Monday, August 10, 2015

Nathan Tankus — No, Inflation Doesn’t Erode the Burden of Debts

It is commonly argued that inflation erodes debts. However, the usual defenses amount to little more then circular logic.…
Naked Capitalism
No, Inflation Doesn’t Erode the Burden of Debts
Nathan Tankus


The Arthurian said...

Thanks for the link, Tom.

Nathan Tankus: "A useful proxy for the burden of debt is the ratio between an individual’s or sector’s nominal debt to its nominal income... It is basic math that dealing with such a ratio you have to divide the numerator and the denominator from the price level to stay consistent. However, from that point of view it becomes clear the exercise is nonsense."

Tankus assumes the inflation adjustment calculation that works for "flow" variables like GDP also works for "stock" variables like accumulated debt. His assumption is incorrect.

And Tankus ignores the extant definition of inflation -- a *general* increase in the level of prices. He also ignores the fact that wages ARE prices. Granted, inflation doesn't seem to push wages up like it once did. But Tankus should have pointed that out explicitly. He does not.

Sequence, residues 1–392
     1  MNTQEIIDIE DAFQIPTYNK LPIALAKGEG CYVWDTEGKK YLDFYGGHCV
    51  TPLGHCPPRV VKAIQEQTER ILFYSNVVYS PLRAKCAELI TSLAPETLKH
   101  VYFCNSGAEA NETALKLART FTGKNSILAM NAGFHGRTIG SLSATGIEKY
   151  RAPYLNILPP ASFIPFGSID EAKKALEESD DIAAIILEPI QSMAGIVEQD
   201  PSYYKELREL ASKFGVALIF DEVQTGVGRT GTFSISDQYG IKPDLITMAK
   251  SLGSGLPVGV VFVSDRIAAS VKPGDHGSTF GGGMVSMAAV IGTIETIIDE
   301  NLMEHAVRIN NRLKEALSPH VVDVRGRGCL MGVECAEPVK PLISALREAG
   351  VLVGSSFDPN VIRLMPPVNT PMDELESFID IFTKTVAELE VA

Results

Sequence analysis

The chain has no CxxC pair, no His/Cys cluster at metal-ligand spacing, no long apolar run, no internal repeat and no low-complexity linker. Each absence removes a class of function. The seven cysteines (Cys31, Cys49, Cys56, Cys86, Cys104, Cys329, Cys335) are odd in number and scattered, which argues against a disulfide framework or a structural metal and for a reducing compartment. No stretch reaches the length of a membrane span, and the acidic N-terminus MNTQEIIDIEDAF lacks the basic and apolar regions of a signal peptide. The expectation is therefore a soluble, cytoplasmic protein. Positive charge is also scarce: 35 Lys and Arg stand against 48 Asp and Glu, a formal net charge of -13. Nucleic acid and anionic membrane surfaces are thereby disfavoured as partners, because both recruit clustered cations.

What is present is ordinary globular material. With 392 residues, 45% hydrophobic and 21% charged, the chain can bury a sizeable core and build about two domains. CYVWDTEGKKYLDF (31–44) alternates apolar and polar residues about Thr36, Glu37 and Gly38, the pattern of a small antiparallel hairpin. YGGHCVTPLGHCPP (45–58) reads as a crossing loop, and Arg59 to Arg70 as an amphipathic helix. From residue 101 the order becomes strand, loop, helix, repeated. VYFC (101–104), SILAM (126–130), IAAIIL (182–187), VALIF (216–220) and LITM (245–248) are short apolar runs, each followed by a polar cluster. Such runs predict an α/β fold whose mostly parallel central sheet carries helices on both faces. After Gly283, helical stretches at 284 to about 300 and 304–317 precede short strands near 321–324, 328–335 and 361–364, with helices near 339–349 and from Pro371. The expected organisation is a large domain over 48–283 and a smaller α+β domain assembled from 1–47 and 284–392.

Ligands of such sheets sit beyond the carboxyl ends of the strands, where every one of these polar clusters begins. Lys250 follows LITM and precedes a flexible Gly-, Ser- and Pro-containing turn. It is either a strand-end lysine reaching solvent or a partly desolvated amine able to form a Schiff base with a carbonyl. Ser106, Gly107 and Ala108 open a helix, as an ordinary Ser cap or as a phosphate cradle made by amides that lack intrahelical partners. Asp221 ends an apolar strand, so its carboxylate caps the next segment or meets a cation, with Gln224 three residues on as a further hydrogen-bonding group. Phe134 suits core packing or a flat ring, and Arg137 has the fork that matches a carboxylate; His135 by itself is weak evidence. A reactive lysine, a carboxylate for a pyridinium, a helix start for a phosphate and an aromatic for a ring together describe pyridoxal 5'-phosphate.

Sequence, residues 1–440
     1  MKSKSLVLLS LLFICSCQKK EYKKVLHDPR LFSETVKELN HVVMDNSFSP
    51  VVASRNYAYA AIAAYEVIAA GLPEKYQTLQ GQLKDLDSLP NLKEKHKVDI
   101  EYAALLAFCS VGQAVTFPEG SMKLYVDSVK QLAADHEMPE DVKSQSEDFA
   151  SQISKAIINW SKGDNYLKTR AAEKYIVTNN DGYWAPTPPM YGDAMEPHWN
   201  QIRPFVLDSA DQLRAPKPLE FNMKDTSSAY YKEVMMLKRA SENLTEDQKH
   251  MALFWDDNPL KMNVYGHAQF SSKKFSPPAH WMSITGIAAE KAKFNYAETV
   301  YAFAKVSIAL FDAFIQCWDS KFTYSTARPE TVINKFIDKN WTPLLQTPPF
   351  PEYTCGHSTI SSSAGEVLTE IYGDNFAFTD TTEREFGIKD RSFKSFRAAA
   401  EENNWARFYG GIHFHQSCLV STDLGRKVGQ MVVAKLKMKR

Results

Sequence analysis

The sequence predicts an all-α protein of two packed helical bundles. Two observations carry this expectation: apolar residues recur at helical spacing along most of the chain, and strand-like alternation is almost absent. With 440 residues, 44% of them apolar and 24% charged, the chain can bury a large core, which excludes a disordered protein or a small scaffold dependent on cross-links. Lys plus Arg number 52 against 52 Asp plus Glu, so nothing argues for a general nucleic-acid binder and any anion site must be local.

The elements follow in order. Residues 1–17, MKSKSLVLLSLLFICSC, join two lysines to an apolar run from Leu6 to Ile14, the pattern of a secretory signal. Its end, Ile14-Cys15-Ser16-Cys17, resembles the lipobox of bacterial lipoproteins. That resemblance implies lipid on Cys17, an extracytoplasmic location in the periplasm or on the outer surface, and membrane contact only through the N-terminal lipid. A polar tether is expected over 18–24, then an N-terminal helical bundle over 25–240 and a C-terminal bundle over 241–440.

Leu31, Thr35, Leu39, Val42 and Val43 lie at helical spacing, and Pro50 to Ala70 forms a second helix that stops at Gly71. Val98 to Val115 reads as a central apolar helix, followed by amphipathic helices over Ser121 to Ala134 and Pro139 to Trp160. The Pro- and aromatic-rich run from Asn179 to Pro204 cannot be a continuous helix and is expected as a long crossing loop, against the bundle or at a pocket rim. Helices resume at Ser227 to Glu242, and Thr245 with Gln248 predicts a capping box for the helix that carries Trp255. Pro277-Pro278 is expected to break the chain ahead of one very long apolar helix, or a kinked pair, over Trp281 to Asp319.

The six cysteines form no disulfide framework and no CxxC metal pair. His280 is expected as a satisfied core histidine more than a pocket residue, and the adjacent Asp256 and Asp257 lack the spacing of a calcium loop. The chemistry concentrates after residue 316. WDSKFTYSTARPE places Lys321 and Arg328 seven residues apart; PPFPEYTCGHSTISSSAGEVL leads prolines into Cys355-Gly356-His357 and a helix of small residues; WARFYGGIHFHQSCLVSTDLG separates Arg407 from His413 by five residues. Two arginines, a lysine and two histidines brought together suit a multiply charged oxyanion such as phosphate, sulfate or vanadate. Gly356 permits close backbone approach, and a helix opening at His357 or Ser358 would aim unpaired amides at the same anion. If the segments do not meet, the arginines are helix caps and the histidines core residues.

Ignacio said...

Sure if there is no wage inflation debts are not really eroded and it reduces spending power of the indebted families even more. But I take economists who are pushing for inflation, as Krugman, are pushing for WAGE inflation too.

Tom Hickey said...

"Inflation" is one of those weasel words that is ambiguous enough to mean anything unless the author defines how it is being used in context. Inflation is not an observable quantity. It is a theoretical one that is dependent on the measures chosen and how they are implemented.

Nathan's premise is basically correct if I understand it rightly, but as Art points out, he needs to clarify.

As a matter of policy, the Fed is guided more by wage pressure than goods index. So CPI can be rising without wages keeping pace, which implies that the real wage is falling, so workers' debt is not getting "cheaper."

It's all relative.